In the midst of a seemingly endless supply of rejection letters, it is easy to forget it happens to the best of us.
Spotting real talent seems to be a rare gift indeed, and the truly original material is frowned upon. After all, different scares us, takes us to the uncomfortable zone- new is strange and unknown. Risky. And in business, risks are to be controlled. Familiar is often the safe bet. Let´s take a look at some of the famous rejection letters received by our very best. Luckily for us, they did not stop writing or listen to the (bad) advice.
Ursula K. Le Guin went on to publish a wide variety of books, essays, short stories and poetry, especially in the genre of science fiction and fantasy. She has collected five Hugo-awards and six Nebula-awards, and a plethora of other recognitions.
The rebellious American Gonzo-journalist Hunter S. Thompson ( 1937-2005) did not take criticism well. This is the letter he sent to his own biographer, William McKeen in 1991. "The Outlaw Journalist" on Thompson ended up being published anyways, in 2008, and gained notable praise.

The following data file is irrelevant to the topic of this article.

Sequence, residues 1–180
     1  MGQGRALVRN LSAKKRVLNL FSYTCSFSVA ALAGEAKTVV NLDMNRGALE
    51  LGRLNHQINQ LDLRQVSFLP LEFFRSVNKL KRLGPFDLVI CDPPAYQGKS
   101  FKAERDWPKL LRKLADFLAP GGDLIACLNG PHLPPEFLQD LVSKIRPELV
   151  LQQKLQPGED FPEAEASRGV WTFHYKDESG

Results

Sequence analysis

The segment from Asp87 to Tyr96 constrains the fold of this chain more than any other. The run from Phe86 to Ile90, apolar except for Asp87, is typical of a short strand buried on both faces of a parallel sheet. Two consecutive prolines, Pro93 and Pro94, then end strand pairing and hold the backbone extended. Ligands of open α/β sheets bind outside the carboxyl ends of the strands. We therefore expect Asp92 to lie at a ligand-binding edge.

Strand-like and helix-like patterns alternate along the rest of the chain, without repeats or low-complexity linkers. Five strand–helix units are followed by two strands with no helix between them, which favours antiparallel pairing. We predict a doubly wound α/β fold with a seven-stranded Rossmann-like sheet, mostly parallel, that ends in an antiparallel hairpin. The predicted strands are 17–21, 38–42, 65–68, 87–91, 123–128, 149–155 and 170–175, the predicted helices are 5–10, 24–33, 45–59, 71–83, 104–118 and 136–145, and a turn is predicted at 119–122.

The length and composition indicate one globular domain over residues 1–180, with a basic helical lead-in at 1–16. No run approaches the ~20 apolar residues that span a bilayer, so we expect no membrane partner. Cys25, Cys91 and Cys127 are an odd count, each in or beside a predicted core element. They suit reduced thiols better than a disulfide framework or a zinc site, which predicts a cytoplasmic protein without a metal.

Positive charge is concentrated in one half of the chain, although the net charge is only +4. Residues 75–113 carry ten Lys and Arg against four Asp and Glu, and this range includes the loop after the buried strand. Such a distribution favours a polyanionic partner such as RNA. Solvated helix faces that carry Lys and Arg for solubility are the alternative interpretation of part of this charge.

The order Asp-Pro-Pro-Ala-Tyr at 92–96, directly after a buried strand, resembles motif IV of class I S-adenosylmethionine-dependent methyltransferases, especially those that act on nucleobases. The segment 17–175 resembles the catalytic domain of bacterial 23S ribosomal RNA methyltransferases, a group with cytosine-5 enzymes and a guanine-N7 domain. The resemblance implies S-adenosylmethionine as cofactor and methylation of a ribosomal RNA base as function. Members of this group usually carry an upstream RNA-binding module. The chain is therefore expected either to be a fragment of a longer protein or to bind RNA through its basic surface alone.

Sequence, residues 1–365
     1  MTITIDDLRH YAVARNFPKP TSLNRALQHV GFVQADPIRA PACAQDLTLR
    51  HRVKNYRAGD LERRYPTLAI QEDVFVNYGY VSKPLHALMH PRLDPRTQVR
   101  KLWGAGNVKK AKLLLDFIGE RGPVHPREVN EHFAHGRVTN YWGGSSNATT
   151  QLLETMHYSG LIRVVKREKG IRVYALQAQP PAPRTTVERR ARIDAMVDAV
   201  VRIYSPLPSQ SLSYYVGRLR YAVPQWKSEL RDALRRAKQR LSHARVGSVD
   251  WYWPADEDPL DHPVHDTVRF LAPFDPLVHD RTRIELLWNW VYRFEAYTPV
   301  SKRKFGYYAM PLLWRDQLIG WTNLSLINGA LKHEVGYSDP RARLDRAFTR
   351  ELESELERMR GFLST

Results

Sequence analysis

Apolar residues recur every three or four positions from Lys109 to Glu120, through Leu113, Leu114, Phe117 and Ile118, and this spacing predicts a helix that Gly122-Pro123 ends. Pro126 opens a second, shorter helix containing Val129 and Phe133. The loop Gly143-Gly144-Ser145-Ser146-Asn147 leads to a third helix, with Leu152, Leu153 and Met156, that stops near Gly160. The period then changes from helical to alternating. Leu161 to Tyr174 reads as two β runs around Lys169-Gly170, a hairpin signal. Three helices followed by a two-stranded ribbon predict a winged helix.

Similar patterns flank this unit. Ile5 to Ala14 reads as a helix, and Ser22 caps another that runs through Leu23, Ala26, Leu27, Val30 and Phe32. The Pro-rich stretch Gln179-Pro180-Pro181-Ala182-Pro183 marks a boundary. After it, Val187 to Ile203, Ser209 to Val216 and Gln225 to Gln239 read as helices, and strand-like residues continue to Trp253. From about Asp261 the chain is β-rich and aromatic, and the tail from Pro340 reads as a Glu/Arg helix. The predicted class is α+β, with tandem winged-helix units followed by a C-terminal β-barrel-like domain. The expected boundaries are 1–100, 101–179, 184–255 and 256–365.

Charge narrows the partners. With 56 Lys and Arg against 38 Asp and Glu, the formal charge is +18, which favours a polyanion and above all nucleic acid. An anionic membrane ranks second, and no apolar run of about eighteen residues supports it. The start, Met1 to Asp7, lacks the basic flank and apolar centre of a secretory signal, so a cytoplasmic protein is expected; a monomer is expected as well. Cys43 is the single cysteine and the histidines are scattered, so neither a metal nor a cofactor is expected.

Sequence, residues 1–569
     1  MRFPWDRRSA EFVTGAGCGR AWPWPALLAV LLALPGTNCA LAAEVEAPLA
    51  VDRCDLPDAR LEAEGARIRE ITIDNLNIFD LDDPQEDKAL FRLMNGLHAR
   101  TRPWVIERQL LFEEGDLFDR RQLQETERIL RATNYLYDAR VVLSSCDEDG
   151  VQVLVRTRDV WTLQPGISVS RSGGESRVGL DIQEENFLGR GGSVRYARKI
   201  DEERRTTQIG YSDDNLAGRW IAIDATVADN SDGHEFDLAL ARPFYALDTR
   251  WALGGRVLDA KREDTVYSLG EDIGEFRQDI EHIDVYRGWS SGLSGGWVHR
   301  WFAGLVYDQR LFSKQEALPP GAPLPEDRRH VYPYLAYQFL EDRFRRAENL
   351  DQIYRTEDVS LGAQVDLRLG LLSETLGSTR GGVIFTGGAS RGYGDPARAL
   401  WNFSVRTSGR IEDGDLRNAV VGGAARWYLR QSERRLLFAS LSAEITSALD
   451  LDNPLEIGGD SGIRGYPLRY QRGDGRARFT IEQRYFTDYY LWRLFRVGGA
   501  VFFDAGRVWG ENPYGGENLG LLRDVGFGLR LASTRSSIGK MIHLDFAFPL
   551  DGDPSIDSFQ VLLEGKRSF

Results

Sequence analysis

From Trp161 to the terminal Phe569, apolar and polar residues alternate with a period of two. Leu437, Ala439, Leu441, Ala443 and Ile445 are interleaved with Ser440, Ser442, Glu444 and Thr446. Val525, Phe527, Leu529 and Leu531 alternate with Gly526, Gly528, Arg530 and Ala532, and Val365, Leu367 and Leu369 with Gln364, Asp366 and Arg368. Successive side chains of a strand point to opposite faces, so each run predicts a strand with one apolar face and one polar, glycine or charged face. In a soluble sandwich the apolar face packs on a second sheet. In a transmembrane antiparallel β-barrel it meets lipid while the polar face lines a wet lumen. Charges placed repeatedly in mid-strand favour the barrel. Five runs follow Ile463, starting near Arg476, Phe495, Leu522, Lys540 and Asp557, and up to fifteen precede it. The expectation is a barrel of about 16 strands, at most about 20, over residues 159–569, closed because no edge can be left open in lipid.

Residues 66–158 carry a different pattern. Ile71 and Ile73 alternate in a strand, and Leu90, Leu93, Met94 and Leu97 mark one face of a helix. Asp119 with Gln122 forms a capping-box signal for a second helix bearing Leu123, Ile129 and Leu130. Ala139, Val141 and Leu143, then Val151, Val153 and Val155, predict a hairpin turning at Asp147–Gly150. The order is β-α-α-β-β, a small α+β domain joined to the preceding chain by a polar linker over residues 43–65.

Tim Burton was young and eager to get published. But his good attempt of a children´s book did not quite pass the par. Disney considered his creation too derivative. Later he went on to direct such masterpieces as
"Beetlejuice", "Nightmare before Christmas" and "Sleepy Hollow". Maybe Disney just was not ready for his colorfully macabre style back in 1976.
Although we do not have the words to look at, one quite well-known writer to receive harsh rejection letters was a British lady by the name of J. K. Rowling. She was even advised to get a day job, since "children´s books do not sell well". Her books series, depicting the adventures of Harry Potter, is now the best-selling in history.